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Tredegar Iron Works

Coordinates: 37°32′8″N 77°26′43″W / 37.53556°N 77.44528°W / 37.53556; -77.44528
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Tredegar Iron Works
Tredegar Iron Works, Richmond, Virginia, U.S., photograph by Alexander Gardner
Tredegar Iron Works is located in Virginia
Tredegar Iron Works
Tredegar Iron Works is located in the United States
Tredegar Iron Works
LocationRichmond, Virginia
Coordinates37°32′8″N 77°26′43″W / 37.53556°N 77.44528°W / 37.53556; -77.44528
ArchitectReev Davis
NRHP reference No.71001048[1]
VLR No.127-0186
Significant dates
Added to NRHPJuly 2, 1971
Designated NHLDDecember 22, 1977[3]
Designated VLRJanuary 5, 1971[2]

The Tredegar Iron Works in Richmond, Virginia, was the biggest ironworks in the Confederacy during the American Civil War, and a significant factor in the decision to make Richmond the Confederate capital.

Tredegar supplied about half the artillery used by the Confederate States Army, as well as the iron plating for CSS Virginia, the first Confederate ironclad warship, which fought in the historic Battle of Hampton Roads in March 1862. The works avoided destruction by troops during the evacuation of the city, and continued production through the mid-20th century. Now classified as a National Historic Landmark District, the site serves as the main building of the American Civil War Museum.

The name Tredegar derives from the Welsh industrial town that supplied much of the company's early workforce.


Founding (1836–1841)[edit]

Death of Rhys Davies from stab wound 1838

In 1836, a group of Richmond businessmen and industrialists led by Francis B. Deane, Jr. set about to capitalize on the growing railroad boom in the United States.[4] The group hired Rhys Davies, then a young engineer, to construct a new facility, brought a number of his fellow iron workers from Tredegar, Wales, to construct the furnaces and rolling mills. The foundry was named in honor of the town of Tredegar, where iron works of the same name were constructed in the early 19th century. The new works opened in 1837, yet the Panic of 1837 and accompanying downturn resulted in hardship for the new company.[4] Davies died in Richmond in September 1838 from stab wounds sustained in a fight with a workman and was buried on Belle Isle in the James River.

Management under Joseph Reid Anderson (1841 – Civil War)[edit]

Joseph Reid Anderson in Confederate officer's uniform

In 1841, the owners turned management over to a 28-year-old civil engineer named Joseph Reid Anderson who proved to be an able manager. Anderson acquired ownership of the foundry in 1848, after two years of leasing the works, and was soon doing work for the United States government.[4] Anderson began introducing slave labor to cut production costs. By the beginning of the Civil War in 1861, half of the 900 workers were slaves, including many in skilled positions.[5] By 1860, Anderson's father-in-law Dr. Robert Archer had joined the business and Tredegar became a leading iron producer in the country.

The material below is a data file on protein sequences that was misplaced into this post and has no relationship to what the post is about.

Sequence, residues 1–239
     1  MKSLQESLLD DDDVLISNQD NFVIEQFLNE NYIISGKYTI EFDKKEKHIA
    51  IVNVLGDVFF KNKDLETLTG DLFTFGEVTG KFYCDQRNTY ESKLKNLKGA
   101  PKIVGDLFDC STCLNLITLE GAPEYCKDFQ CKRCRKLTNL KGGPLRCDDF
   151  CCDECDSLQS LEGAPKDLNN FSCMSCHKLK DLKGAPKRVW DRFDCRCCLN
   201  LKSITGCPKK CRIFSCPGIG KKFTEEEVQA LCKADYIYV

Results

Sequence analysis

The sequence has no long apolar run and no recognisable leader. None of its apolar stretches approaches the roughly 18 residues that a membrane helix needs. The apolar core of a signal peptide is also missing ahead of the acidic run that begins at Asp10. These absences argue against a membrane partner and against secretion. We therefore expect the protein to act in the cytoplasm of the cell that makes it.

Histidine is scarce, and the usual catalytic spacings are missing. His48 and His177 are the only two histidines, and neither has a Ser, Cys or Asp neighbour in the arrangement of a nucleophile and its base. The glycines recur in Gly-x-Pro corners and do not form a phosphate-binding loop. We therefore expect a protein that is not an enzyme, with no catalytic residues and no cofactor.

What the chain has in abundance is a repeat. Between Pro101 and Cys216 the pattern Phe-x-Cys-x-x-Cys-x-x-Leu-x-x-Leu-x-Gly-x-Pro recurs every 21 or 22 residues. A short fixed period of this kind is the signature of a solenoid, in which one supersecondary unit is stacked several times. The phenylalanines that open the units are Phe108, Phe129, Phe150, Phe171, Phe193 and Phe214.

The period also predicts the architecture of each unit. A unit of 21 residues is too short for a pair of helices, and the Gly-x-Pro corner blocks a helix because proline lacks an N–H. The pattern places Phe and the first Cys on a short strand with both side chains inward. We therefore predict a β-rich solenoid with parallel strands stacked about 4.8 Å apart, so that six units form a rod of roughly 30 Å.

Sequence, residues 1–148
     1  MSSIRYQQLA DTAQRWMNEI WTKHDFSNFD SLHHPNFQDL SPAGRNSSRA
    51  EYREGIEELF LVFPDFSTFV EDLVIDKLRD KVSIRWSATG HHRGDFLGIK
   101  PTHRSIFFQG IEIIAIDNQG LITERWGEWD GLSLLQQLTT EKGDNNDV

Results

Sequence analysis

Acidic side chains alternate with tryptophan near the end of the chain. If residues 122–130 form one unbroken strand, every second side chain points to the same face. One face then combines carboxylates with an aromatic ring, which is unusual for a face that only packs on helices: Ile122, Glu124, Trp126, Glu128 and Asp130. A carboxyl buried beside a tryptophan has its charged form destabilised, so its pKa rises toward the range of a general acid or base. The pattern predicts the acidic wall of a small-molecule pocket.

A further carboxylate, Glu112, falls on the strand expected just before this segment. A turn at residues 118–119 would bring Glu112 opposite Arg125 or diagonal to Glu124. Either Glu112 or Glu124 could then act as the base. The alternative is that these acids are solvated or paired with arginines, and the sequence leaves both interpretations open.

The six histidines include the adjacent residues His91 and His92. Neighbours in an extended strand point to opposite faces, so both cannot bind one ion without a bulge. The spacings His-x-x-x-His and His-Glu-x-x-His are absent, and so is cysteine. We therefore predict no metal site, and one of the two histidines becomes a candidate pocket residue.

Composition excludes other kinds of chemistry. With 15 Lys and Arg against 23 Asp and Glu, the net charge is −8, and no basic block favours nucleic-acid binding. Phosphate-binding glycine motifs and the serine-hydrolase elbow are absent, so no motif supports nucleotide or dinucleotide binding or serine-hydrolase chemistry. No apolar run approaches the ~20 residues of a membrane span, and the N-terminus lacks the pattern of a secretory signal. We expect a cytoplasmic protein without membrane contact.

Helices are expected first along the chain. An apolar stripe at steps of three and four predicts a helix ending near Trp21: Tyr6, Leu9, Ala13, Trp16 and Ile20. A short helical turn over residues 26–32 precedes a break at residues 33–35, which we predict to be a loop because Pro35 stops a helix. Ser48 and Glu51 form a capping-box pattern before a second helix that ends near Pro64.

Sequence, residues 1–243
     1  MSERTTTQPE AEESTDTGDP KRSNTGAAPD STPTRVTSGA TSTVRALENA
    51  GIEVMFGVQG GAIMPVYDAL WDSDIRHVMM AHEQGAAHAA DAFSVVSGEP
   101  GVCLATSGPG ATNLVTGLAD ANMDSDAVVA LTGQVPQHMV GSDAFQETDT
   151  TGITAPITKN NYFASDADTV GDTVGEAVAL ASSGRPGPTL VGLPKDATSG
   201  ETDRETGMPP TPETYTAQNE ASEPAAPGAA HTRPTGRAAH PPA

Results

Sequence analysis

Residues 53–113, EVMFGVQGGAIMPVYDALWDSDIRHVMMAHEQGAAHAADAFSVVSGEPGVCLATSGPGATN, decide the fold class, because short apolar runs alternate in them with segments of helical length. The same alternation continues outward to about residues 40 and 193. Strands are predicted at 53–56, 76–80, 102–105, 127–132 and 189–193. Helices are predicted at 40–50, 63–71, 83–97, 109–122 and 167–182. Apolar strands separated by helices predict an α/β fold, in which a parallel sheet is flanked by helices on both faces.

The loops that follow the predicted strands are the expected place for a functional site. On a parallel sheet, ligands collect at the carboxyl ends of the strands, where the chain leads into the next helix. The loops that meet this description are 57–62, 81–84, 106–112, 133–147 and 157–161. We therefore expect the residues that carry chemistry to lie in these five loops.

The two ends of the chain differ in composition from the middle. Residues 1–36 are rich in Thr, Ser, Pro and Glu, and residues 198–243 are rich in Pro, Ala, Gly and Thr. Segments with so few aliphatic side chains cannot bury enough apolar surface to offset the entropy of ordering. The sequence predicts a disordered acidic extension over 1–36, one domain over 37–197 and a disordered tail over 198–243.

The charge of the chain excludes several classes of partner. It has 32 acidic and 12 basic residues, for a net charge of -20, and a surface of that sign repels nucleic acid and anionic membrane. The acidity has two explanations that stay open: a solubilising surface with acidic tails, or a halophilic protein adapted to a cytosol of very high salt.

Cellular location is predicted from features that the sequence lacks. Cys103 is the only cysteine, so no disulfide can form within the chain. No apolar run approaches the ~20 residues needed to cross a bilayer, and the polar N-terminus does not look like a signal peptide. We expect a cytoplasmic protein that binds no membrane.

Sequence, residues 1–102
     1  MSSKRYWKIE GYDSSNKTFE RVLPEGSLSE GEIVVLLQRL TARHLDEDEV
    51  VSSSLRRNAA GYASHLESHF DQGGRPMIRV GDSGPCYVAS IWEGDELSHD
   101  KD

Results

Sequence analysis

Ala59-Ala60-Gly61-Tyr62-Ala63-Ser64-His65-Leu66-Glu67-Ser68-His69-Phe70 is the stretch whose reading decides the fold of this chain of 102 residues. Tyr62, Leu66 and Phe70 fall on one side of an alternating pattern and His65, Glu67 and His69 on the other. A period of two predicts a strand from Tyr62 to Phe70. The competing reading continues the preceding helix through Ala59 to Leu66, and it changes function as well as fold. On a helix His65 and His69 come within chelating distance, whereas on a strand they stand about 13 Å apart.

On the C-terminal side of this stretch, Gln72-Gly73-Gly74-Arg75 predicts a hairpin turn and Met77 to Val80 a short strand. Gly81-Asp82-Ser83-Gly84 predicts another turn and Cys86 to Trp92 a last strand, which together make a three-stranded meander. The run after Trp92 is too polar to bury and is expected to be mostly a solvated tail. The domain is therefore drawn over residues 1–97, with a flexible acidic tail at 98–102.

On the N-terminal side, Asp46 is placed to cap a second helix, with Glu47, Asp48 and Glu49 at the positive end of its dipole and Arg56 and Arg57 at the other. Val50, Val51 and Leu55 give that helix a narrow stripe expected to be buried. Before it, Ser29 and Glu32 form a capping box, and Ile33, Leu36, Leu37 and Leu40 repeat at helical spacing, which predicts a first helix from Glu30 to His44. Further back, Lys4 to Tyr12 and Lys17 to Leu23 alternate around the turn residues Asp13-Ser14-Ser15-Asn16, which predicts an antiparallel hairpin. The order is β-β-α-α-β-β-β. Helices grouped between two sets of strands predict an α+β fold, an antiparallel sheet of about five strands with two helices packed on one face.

The commissioning of 900 miles of railroad track in Virginia, largely financed by the Virginia Board of Public Works between 1846 and 1853, offered a further market in steam locomotives and rail stock. One of those attributed with starting the Tredegar Locomotive Works with John Souther was Zerah Colburn, the well-known locomotive engineer and journalist. The company produced about 70 steam locomotives between 1850 and 1860. From 1852 to 1854, John Souther also managed the locomotive shop at Tredegar. Its locomotive production work is sometimes listed with combinations of the names Anderson, Souther, Delaney, and Pickering. Tredegar also produced the steam propulsion plants for the USS Roanoke (1855) and the USS Colorado (1856).[6]

Prior to the Civil War, industry expanded at the Tredegar site under Anderson's direction to include a new flour mill on land leased to Lewis D. Crenshaw and a stove works on land leased to A.J. Bowers and Asa Snyder.[7] By 1860, Crenshaw and Co. had established the Crenshaw Woolen Mill on adjoining land they owned. This enterprise employed more than 50 people.[8] The Crenshaw Woolen Mill became "the principal source of supply for the [Confederate] Army's requirements of uniform material" during the first half of the Civil War.[9] A May 16, 1863 fire on the Tredegar/Crenshaw site damaged the mill, which was not rebuilt, and Tredegar purchased the land from Crenshaw and Co. by 1863.[10][11][12]

American Civil War[edit]

Trunnion from a bronze cannon stamped "J R A & CO, T F" (J.R. Anderson & Company, Tredegar Foundry) made at the Tredegar Iron Works

By 1860, the Tredegar Iron Works was the largest of its kind in the South, a fact that played a significant role in the decision to relocate the capital of the Confederacy from Montgomery, Alabama, to Richmond in May 1861.[13] Tredegar supplied high-quality munitions to the Confederacy throughout the war, until the capture of Richmond in 1865.

Its wartime production included the iron plating for the first Confederate ironclad warship, the CSS Virginia which fought in the historic Battle of Hampton Roads in March 1862; credit for approximately 1,100 artillery pieces during the war, about half of the South's total domestic production of artillery during the war years of 1861–1865, including the development and production of Brooke rifles;[4] large rifled cannons intended for the nascent CSA Navy and an answer to the rifled, armor piercing, Dahlgren Guns favored by the Union. One Brook Rifle was even used as a rail-mounted siege cannon. The company also manufactured railroad steam locomotives in the same period.

As a result of his difficulties competing with Northern industries due to his higher labor and raw material costs,[4] Anderson was a strong supporter of southern secession and became a Brigadier General in the Confederate Army as the war broke out. He was wounded at Glendale during the Seven Days Battles of the Peninsula Campaign in 1862 and served in the Ordnance Department for the duration of the Civil War.